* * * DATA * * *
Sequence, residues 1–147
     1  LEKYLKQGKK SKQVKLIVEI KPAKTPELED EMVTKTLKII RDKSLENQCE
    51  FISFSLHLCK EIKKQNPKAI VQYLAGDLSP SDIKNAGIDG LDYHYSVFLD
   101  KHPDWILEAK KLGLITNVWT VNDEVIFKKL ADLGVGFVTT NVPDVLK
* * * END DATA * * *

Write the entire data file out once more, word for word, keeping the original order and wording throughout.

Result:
Sequence, residues 1–147
     1  LEKYLKQGKK SKQVKLIVEI KPAKTPELED EMVTKTLKII RDKSLENQCE
    51  FISFSLHLCK EIKKQNPKAI VQYLAGDLSP SDIKNAGIDG LDYHYSVFLD
   101  KHPDWILEAK KLGLITNVWT VNDEVIFKKL ADLGVGFVTT NVPDVLK